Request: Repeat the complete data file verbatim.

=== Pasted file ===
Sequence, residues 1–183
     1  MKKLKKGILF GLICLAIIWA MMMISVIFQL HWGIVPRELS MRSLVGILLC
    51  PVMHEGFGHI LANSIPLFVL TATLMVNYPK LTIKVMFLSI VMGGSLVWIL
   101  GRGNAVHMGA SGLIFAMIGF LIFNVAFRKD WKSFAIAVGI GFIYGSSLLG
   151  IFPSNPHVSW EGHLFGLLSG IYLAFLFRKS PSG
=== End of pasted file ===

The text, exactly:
Sequence, residues 1–183
     1  MKKLKKGILF GLICLAIIWA MMMISVIFQL HWGIVPRELS MRSLVGILLC
    51  PVMHEGFGHI LANSIPLFVL TATLMVNYPK LTIKVMFLSI VMGGSLVWIL
   101  GRGNAVHMGA SGLIFAMIGF LIFNVAFRKD WKSFAIAVGI GFIYGSSLLG
   151  IFPSNPHVSW EGHLFGLLSG IYLAFLFRKS PSG